While some employees have returned to the office, many are still working from home at least a few days a week.

Continuing remote work can also mean ongoing internet connectivity issues for the region’s more than 2 million Comcast customers, as well as customers of Verizon and other carriers.

In 2021, the first full year of the pandemic, Comcast customers used their home WiFi on nearly one billion devices nationwide, Comcast spokesman Joel Shadle said. This represents 12 times more connected devices than in 2018, before the pandemic. With more devices connecting to networks, it’s no surprise that some people have seen – and are still seeing – slower internet speeds.

If home WiFi issues are still interrupting your Zoom calls and forcing device restarts at noon nearly three years into the pandemic, here’s some expert advice from Comcast on how to fix the problem. without having to call customer service. These tips are equally applicable whether you have Comcast, Verizon, or another Internet provider.

Check the location of your router and modem

If your router and modem, or a gateway (the Comcast combination of a router and modem in a single device that provides the most advanced Wi-Fi 6E connection) is in the basement, in a closet, or on a shelf, instead move it somewhere near the center of your house or apartment and on a raised surface.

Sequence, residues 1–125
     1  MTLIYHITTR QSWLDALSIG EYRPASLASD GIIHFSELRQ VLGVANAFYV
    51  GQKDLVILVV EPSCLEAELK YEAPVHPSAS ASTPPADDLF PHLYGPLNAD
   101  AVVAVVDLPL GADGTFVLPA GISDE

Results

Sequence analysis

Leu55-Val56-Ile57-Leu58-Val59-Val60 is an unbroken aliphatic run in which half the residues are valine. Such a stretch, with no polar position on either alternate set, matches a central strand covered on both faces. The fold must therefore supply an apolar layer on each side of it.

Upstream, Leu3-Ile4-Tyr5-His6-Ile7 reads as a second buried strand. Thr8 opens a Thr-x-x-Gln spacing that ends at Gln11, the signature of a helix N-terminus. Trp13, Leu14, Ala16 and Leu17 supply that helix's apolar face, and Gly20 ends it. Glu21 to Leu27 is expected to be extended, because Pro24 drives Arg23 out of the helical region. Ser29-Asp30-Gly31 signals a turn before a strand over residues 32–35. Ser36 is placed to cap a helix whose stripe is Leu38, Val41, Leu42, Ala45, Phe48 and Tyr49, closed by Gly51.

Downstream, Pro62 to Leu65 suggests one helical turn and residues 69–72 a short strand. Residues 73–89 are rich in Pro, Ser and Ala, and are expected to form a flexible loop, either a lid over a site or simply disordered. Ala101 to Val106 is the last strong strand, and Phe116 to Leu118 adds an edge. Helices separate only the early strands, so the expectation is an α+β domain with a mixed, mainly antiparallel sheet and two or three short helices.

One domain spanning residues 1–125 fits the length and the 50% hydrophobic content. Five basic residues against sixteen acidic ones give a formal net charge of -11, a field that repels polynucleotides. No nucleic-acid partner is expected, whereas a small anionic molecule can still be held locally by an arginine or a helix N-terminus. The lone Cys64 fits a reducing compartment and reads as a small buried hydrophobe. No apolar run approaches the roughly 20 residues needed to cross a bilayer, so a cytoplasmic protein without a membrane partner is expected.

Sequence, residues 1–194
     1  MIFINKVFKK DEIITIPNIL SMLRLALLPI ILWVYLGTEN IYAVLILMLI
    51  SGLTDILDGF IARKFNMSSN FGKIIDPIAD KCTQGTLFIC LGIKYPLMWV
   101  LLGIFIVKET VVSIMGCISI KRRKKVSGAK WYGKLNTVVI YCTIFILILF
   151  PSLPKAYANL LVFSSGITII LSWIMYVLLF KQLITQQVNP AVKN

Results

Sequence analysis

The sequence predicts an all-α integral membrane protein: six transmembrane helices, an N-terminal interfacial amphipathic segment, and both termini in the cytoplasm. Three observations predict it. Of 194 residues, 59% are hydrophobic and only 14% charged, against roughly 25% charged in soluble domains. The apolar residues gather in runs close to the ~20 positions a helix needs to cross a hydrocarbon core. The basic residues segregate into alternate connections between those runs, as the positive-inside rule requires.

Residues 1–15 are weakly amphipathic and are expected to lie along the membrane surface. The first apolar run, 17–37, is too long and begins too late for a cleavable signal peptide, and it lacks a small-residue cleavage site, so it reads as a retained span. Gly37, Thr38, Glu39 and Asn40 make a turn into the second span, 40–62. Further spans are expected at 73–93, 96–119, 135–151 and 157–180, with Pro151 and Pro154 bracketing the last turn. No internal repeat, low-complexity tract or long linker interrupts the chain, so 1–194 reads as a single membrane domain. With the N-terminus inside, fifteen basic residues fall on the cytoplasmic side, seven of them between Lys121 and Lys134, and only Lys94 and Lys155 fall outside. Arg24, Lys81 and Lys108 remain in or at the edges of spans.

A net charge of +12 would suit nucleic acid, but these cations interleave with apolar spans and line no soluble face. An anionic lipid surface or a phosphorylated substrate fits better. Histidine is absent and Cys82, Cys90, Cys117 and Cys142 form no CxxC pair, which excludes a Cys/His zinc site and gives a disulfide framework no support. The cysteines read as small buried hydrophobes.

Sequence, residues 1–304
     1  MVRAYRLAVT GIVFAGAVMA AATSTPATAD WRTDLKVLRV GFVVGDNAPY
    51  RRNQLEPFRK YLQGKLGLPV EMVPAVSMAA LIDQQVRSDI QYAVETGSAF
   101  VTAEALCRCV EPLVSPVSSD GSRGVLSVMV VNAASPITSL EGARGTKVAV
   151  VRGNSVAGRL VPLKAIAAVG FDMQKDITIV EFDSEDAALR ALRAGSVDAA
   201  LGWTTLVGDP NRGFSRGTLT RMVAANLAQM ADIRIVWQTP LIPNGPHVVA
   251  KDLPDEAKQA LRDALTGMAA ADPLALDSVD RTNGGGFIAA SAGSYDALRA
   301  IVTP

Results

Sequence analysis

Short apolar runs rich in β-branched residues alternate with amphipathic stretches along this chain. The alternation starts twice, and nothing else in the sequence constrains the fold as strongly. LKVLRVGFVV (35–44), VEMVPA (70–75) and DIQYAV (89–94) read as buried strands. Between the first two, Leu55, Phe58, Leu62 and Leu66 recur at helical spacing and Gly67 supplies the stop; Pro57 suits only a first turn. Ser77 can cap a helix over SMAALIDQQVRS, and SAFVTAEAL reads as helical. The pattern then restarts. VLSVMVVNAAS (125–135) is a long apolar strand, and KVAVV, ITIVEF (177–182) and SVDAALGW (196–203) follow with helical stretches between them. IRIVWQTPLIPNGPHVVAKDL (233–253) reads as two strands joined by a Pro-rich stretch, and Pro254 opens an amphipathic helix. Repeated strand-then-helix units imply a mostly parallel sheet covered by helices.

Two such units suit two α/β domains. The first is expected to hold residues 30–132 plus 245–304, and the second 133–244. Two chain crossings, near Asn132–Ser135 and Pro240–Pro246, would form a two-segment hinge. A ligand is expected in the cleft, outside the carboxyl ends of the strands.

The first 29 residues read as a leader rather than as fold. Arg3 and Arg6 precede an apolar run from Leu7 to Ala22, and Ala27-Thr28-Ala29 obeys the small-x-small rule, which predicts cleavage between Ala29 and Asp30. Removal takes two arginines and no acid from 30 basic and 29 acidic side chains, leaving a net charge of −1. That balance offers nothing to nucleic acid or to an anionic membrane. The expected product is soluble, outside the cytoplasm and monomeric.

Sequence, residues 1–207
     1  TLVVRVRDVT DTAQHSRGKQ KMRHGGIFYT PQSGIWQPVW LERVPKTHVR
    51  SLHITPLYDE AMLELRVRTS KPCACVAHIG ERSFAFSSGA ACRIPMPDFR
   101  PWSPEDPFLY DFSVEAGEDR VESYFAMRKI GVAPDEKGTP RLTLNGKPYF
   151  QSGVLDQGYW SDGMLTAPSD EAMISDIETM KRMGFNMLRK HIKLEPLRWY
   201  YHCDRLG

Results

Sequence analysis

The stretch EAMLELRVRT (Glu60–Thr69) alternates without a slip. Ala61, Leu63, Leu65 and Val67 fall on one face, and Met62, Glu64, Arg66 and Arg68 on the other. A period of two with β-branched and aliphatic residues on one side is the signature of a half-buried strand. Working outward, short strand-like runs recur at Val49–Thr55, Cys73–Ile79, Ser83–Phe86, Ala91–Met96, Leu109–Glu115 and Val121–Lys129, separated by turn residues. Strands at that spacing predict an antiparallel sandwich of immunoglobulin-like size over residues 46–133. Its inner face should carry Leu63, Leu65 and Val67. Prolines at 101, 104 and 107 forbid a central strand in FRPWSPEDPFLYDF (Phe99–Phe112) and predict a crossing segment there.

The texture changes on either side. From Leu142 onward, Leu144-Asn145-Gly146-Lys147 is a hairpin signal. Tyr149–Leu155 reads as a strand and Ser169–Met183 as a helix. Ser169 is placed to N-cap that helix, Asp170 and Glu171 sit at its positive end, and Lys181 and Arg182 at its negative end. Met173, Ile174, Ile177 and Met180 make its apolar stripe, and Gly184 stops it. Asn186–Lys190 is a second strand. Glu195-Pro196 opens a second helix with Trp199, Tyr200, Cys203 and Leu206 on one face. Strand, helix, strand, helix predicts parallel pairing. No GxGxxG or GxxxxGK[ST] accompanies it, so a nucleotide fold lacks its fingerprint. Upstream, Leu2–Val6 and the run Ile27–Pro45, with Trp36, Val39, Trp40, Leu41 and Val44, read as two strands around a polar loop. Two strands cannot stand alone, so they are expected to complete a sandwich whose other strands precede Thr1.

“Location, location, location isn’t just a real estate phrase,” Shadle said. This also applies to where you place your router and modem.

The company uses a metaphor: Think of the router and modem as a lamp – light (or signal) is less abundant if it’s hidden behind other objects.

Avoid placing the device near a window for the same reason, as some of the signal will be wasted outdoors, unless the outdoor space is a patio or porch where you want coverage.

If the outlet you need to plug the router and modem into is not in an ideal location, contact your Internet Service Provider for alternate locations. If you live in an apartment, of course, check with your landlord before changing outlets.

Restart regularly

You probably know the age-old wisdom about what to do when technology isn’t working properly: turn it off and on again.

But this sage advice doesn’t just apply when an appliance is down.

Make a habit of occasionally unplugging your router from the wall, giving it a minute, then plugging it back in. This can force software updates, which sometimes don’t happen automatically.

Monitor connected devices

If your ISP has an app, use it to see which devices are using Wi-Fi at any given time. Pause the devices you don’t want to use right now.

If you’re about to join an important work meeting, for example, it might help to temporarily disconnect your child’s gaming device from the network, Shadle said. You don’t want it suddenly installing updates and slowing down your in-meeting connection.

Tighten the cables

Don’t overlook the physical connections on the router and modem.

“A loose cable connection to your gateway can cause all sorts of problems, sapping your device’s speed, and in some cases, causing issues that can affect your entire block,” Comcast wrote on its website, recommending users to ensure cables are “finger tight.”

Consider WiFi extenders

If your Wi-Fi connection does not improve with these tips, if you have dead spots in your home, or if your home office needs to be away from the router and modem, Wi-Fi extenders, which plug into a ordinary wall outlet, may be worth the investment. .

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